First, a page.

The two-year deal will see the UK Battery Industrialisation Centre (UKBIC) develop, assemble and manufacture battery cells for mass production and commercialisation at Britishvolt’s plant on the site of the former Blyth Power Station in Cambois, Northumberland.

UKBIC was opened by prime minister Boris Johnson in July 2021 to support UK companies scale up their battery production and upskill their workforce.

The move follows a government announcement last week of an in principle offer of funding to the company made through the Automotive Transformation Fund, understood to be £100 million, which in turn has led to £1.7bn funding from investors Tritax and Abrdn.

Britishvolt is developing Li-ion battery cells which it says will enable vehicle manufacturers to produce “brand-specific characteristics”, meaning that batteries will vary according to the type of vehicle – a battery for a van will be different to that of a sports car. Its factory will create around 3,000 direct highly-skilled jobs and a further 5,000 in associated supply chains, it said.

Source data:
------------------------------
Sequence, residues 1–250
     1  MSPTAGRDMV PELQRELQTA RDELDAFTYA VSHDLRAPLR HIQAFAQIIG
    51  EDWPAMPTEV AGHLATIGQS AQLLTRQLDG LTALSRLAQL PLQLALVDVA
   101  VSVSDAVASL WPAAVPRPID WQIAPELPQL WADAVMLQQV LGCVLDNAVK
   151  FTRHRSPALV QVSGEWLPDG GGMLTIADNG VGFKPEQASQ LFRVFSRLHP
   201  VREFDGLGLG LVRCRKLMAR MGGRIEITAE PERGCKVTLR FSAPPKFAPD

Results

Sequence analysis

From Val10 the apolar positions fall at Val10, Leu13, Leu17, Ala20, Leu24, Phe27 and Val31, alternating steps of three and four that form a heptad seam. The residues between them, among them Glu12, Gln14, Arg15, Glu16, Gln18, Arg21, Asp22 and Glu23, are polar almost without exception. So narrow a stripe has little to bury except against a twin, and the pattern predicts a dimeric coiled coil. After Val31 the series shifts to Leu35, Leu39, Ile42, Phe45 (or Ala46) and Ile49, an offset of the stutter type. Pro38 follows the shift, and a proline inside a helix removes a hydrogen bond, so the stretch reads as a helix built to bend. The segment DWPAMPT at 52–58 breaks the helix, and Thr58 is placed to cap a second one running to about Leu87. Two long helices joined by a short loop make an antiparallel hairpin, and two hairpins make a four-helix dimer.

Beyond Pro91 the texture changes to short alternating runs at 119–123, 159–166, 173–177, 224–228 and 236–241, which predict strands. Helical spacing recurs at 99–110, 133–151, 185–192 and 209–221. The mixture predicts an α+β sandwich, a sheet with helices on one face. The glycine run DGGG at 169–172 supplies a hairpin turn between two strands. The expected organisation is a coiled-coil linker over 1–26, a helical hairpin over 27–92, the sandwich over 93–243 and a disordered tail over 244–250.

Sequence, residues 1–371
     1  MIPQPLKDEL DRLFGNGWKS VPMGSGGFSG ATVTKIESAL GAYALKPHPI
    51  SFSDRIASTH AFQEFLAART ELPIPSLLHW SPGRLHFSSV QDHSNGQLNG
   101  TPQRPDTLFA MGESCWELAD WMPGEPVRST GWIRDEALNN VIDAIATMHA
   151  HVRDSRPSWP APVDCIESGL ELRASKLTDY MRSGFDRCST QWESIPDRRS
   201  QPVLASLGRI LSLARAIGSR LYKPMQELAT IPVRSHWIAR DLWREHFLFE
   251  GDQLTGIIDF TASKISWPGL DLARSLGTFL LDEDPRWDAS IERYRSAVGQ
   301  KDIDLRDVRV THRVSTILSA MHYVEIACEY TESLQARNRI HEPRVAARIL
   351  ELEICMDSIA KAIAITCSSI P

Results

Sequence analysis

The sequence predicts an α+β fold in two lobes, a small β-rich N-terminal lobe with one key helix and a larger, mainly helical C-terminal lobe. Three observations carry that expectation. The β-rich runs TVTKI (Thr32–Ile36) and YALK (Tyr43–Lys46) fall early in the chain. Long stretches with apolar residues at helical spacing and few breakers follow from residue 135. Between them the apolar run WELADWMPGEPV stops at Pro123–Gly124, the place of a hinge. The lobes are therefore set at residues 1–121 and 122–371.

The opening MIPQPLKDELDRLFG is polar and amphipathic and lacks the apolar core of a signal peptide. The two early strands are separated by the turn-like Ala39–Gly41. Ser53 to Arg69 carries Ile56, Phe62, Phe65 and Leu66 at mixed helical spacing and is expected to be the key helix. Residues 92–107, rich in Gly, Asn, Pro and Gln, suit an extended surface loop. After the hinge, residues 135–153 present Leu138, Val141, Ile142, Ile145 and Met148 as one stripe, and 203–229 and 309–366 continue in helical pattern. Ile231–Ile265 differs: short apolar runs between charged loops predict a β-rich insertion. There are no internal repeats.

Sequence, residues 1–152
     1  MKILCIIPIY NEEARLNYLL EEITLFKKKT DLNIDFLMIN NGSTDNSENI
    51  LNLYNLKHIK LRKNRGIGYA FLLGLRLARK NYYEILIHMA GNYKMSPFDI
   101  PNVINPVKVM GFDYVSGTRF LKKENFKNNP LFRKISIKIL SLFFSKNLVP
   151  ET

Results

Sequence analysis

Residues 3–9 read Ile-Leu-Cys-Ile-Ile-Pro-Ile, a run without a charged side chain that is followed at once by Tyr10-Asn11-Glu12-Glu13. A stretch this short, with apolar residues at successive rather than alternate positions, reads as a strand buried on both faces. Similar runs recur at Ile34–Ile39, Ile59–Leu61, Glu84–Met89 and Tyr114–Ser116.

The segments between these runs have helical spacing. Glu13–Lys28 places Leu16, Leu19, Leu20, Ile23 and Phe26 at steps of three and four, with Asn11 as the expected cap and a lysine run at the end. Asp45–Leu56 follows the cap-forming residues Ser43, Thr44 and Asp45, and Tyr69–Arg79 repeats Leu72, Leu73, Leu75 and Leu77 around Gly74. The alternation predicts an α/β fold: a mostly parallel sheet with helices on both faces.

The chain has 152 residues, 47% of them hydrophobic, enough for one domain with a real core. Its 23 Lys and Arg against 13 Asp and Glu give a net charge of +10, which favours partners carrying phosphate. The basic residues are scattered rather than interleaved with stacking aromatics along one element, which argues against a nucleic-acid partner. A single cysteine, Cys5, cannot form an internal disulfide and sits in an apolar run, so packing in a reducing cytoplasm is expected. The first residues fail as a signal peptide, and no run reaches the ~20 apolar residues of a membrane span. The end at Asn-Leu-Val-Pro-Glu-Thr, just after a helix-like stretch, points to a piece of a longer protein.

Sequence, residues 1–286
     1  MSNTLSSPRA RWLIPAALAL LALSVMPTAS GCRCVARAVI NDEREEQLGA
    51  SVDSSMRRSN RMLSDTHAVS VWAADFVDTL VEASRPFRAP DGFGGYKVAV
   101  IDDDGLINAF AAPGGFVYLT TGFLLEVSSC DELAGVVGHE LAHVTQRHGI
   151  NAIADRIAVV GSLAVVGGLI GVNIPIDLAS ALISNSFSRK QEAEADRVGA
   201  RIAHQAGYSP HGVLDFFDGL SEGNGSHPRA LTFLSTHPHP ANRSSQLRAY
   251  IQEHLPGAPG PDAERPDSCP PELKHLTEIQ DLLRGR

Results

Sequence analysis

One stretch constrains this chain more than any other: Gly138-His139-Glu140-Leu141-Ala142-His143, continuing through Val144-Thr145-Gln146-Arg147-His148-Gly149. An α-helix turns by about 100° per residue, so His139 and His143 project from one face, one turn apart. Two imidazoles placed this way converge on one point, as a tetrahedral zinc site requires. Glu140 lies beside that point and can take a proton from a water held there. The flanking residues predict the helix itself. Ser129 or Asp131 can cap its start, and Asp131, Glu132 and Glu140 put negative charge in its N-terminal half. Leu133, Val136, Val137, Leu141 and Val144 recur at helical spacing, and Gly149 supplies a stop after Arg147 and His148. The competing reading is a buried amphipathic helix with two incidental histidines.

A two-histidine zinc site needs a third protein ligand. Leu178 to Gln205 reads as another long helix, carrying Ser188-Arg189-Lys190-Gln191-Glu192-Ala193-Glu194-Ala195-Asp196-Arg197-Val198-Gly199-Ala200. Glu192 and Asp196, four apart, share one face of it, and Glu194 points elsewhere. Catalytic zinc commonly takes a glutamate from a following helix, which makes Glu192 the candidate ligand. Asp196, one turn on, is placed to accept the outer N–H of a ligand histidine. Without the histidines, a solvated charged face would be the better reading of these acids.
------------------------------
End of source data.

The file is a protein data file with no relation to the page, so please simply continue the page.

The plant received planning permission from Northumberland County Council last year, and began land clearing and preparation in September, in preparation for construction to begin in the second quarter of this year. The project will be built in phases to keep up with technology advancements, and will have a total capacity of over 30GWh by the end of the decade.

At full capacity, the plant will produce enough battery cells for over 300,000 electric vehicle battery packs per year, around 25% of the UK’s current vehicle manufacture. It hopes to begin production in the final quarter of 2023, or early 2024.

Business secretary Kwasi Kwarteng said: “In this global race between countries to secure vital battery production, this government is proud to make the investment necessary to ensure the UK retains its place as one of the best locations in the world for auto manufacturing.” 



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